Outa also said the new bank accounts charged more for payments than student accounts in other commercial banks.

One example of this was charging R29 for a monthly bundle fee for which other banks charged R10. Other examples include charging R12 per R100 for ATM withdrawals while other banks charge R7.50 per R1,000.

According to Outa’s calculations, the NSFAS Bank Account deal could be worth R1.5-billion over the next five years – “just to provide students with access to a NSFAS bank card”.

“This will be paid directly by the students out of their allowances, as the costs are deducted from their bank accounts,” said Outa.

See Outa’s breakdown of the NSFAS account costs versus other banks’ costs here.

Student organisations get involved 

Issues around the payments have reached student organisations, with Democratic Alliance Student Organisation (Daso) federal chairperson Lenard Malesa saying the service charges are a major issue.

“Students are being charged R12 monthly fee excluding transaction charges whilst we are experiencing an astronomical rise in the cost of living throughout the country, but Minister Nzimande thinks that it’s logical to loot money from the poorest of the poor and missing middle students utilising his NSFAS agents,” Malesa said. 

He questioned why the system was introduced in the middle of the year, “when students are busy with exams. Why not in the beginning of the year?”

Daso said they would reject the payment system until Nzimande and NSFAS provided them with a “tangible and secured system that doesn’t exploit and confuse our students”.

Malesa said Daso would engage with DA MP Chantel King, a member of the parliamentary higher education oversight committee, on the issue.

The Student Representative Council (SRC) of the University of Cape Town sent an email to the student body on Tuesday, 4 July, stating it noted the “uncertainty, anxiety, and frustration” around the new direct payment system.

The SRC rejected the new system and wanted UCT to retain the administration of disbursing student allowances.

The SRC said it noted the “ridiculous and questionable manner” in which Coinvest – the banking business implemented at UCT – administered allowances to students.

“We are aware of the unfounded and outlandish charges of withdrawals and money transfers perpetuated by the Coinvest,” the SRC said.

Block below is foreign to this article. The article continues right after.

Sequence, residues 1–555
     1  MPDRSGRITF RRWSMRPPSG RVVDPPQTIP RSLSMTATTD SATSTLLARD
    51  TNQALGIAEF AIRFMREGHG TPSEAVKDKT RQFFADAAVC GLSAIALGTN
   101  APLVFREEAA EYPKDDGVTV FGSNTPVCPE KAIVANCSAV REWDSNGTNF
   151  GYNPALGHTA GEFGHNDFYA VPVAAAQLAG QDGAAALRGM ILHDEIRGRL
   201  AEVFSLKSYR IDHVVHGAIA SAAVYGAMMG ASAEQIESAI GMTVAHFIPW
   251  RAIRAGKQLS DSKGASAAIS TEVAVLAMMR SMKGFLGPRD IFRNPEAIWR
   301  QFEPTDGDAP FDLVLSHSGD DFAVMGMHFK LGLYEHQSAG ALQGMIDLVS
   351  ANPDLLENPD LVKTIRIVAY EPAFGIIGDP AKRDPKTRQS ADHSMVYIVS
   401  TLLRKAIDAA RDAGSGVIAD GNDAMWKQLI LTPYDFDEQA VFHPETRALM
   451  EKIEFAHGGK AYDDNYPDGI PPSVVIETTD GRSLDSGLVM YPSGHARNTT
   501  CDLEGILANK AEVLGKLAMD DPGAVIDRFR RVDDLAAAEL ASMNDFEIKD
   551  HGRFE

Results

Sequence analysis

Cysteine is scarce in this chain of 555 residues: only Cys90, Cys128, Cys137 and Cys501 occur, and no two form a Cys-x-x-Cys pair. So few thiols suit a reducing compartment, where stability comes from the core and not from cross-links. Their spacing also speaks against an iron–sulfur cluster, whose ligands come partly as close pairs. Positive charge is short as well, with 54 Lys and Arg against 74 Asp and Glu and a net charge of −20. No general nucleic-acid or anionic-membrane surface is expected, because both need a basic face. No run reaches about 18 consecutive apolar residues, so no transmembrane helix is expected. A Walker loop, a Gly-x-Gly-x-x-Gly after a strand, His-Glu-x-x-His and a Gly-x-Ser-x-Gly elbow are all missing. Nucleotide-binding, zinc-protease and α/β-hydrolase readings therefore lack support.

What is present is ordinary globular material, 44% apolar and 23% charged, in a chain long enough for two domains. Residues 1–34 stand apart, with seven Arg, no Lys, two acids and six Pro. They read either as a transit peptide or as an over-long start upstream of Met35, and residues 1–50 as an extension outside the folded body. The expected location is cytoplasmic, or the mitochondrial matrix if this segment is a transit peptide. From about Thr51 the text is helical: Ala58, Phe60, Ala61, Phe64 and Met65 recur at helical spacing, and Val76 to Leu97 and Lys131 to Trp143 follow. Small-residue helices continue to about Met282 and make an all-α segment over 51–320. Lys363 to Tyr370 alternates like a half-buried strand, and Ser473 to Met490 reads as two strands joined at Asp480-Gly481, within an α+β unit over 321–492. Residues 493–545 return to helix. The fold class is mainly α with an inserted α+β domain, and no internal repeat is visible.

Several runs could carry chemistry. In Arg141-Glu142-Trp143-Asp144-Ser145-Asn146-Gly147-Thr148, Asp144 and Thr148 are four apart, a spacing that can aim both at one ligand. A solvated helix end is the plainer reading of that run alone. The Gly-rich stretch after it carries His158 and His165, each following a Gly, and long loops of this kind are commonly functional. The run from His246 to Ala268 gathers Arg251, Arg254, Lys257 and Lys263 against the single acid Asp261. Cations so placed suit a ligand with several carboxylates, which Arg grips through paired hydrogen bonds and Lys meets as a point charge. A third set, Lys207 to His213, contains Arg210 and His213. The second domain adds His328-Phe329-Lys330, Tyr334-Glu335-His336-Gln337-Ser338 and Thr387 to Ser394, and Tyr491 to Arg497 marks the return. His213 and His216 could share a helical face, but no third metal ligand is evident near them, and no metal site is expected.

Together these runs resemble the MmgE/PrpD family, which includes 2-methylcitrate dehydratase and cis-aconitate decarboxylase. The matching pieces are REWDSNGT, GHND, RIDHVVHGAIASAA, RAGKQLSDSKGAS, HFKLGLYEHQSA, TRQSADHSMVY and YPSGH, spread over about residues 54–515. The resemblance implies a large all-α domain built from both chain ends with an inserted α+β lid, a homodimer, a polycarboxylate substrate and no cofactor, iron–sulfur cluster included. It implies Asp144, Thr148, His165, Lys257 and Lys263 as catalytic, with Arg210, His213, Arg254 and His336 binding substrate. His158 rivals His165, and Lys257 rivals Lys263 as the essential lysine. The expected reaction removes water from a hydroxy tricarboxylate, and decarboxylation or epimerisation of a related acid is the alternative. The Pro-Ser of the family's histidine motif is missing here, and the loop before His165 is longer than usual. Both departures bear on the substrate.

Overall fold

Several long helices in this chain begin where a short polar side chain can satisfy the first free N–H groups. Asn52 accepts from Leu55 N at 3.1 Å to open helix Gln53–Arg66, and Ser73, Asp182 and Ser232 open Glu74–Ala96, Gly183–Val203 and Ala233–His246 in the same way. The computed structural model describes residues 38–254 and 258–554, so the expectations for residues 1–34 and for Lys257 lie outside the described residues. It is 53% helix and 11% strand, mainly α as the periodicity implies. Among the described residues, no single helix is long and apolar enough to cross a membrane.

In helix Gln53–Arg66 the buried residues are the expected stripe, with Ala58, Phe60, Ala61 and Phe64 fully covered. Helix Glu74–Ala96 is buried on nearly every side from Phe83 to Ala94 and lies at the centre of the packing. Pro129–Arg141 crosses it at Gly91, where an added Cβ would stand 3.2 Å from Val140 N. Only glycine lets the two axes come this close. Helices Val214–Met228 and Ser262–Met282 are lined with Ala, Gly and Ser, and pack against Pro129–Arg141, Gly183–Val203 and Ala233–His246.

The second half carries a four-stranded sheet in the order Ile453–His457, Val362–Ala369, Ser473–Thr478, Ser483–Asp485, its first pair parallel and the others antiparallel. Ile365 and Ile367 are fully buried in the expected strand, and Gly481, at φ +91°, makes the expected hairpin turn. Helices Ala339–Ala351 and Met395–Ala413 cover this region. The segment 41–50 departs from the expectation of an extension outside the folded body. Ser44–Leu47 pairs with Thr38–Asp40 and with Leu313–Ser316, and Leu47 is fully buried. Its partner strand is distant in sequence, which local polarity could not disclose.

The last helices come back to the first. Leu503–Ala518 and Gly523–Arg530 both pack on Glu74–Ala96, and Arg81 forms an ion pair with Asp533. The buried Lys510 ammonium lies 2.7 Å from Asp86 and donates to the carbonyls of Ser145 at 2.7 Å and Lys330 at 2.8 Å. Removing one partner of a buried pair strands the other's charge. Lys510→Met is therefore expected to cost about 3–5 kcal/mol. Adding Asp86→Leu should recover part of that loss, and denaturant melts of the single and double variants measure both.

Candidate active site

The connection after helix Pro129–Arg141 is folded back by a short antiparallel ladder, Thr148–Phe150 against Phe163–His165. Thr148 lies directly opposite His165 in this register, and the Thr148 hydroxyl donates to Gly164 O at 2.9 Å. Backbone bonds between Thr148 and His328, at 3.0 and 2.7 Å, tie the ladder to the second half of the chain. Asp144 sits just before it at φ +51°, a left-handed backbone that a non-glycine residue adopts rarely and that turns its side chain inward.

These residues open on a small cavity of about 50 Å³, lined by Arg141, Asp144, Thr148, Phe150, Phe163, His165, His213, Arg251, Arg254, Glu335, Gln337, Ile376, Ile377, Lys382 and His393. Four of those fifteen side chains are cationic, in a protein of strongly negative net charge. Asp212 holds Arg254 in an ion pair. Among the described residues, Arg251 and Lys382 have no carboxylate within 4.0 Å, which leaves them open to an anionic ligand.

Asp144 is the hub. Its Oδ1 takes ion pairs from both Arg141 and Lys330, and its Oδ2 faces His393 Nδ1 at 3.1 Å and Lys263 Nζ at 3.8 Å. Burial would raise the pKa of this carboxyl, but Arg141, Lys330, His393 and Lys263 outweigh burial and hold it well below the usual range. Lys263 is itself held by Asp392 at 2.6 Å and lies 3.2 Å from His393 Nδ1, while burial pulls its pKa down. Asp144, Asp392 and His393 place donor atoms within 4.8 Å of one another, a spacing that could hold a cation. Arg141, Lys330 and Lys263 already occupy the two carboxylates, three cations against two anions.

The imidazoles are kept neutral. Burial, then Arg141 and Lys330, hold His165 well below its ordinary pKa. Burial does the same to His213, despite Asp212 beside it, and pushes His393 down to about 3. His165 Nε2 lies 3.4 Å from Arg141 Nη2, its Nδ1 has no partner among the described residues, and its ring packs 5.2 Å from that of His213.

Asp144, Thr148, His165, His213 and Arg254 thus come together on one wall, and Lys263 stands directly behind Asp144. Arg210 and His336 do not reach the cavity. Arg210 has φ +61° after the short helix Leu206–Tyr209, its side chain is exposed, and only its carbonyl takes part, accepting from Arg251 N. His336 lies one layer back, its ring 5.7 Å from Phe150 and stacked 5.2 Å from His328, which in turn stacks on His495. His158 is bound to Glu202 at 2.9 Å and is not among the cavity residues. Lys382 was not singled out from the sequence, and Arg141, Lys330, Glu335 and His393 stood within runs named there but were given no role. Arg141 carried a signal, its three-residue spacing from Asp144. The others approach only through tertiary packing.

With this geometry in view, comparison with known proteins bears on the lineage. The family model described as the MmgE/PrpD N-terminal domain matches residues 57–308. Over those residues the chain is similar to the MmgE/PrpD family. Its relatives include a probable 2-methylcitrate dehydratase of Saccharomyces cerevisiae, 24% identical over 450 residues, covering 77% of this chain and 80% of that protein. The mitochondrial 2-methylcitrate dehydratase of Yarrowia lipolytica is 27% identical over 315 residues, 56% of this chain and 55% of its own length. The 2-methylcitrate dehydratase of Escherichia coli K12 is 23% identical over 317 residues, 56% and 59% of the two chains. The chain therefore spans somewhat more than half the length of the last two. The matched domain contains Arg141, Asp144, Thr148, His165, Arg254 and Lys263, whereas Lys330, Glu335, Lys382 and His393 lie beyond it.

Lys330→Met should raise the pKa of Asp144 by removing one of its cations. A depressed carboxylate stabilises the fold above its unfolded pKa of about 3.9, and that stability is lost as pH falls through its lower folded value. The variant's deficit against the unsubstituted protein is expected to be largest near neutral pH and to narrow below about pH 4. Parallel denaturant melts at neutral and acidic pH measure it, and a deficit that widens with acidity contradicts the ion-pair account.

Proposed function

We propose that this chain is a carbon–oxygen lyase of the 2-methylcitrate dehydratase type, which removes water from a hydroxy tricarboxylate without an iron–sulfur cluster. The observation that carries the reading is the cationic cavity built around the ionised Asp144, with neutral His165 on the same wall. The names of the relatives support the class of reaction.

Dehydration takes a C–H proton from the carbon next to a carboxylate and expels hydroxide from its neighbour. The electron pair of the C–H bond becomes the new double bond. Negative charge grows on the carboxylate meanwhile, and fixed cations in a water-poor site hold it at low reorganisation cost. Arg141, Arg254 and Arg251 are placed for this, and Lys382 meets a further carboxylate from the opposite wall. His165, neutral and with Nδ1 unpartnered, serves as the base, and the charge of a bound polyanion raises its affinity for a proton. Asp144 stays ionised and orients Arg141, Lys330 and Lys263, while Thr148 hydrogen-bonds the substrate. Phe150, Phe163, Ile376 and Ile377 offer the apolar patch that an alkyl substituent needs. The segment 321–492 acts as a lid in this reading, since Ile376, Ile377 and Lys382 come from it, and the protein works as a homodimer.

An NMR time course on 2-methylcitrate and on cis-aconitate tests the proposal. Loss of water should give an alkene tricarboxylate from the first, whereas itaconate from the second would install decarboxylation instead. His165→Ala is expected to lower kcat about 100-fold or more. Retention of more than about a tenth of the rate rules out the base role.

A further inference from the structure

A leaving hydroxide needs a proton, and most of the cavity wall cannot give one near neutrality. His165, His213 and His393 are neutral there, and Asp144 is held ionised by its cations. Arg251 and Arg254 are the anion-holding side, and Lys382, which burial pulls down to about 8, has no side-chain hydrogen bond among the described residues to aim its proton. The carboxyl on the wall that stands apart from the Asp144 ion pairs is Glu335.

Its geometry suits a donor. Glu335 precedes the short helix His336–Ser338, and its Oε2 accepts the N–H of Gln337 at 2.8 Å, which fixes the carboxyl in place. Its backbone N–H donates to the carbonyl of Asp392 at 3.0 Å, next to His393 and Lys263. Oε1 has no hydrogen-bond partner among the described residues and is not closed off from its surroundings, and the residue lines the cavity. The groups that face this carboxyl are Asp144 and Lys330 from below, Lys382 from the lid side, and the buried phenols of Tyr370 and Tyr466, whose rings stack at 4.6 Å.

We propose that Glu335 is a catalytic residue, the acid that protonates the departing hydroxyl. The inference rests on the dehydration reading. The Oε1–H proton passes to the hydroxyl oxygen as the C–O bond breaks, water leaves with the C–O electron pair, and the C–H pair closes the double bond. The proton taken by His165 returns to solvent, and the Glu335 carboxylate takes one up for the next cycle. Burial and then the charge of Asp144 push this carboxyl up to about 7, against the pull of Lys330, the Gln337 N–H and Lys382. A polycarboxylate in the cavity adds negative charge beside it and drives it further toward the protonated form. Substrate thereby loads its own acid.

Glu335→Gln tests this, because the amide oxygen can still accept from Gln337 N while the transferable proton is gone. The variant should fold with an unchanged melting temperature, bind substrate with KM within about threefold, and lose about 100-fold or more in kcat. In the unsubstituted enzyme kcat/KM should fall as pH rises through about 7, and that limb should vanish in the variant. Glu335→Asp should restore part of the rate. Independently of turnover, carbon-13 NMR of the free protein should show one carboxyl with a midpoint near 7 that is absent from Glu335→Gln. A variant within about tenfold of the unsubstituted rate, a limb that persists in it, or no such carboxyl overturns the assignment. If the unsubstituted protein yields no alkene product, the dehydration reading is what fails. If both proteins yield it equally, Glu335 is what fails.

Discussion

It said it viewed this as a selfish and opportunistic attempt by the company to “further indulge in state funds that are meant to help the children of the poor working class during the course of furthering their studies, which we reject as UCT SRC”.

The UCT SRC called for Nzimande’s resignation. It claimed NSFAS and the Department of Higher Education had proven they did not have the best interests of students at heart.

On Wednesday, the Economic Freedom Fighters Student Command wrote to Nzimande over a litany of issues in the higher education sector, including the new banking system. They questioned the high banking costs, labelling them “illogical and unreasonably high”. 

The EFF Student Command added that every time a student needed to “buy bread, sanitary towels and toiletries they must think twice because the transactional fees are so high”.

They also questioned the use of banking businesses which did not have the required banking licences. The EFF Student Command said students were running out of patience, and if their grievances continued to fall on deaf ears, they would “take to the streets”.

The University of the Witwatersrand’s SRC said its position was that NSFAS and Tenet Technology (which was to be used at the university) were not in any position to initiate the system and should rather focus on integrating NSFAS and the new banking officials into Wits over a period of 20 months before allowances could be taken over.

The primary concern was not with Tenet Technology, but with “the allowance distribution data” that NSFAS will send to Tenet Technology.

“We encourage NSFAS to fix its issues with registration data collection on an accurate level before giving the responsibility of allowance distribution to Tenet,” the SRC said. DM

Disclosure: Daily Maverick intern Jim Mohlala is a third-year CPUT journalism student who is able to complete his studies through funding from NSFAS.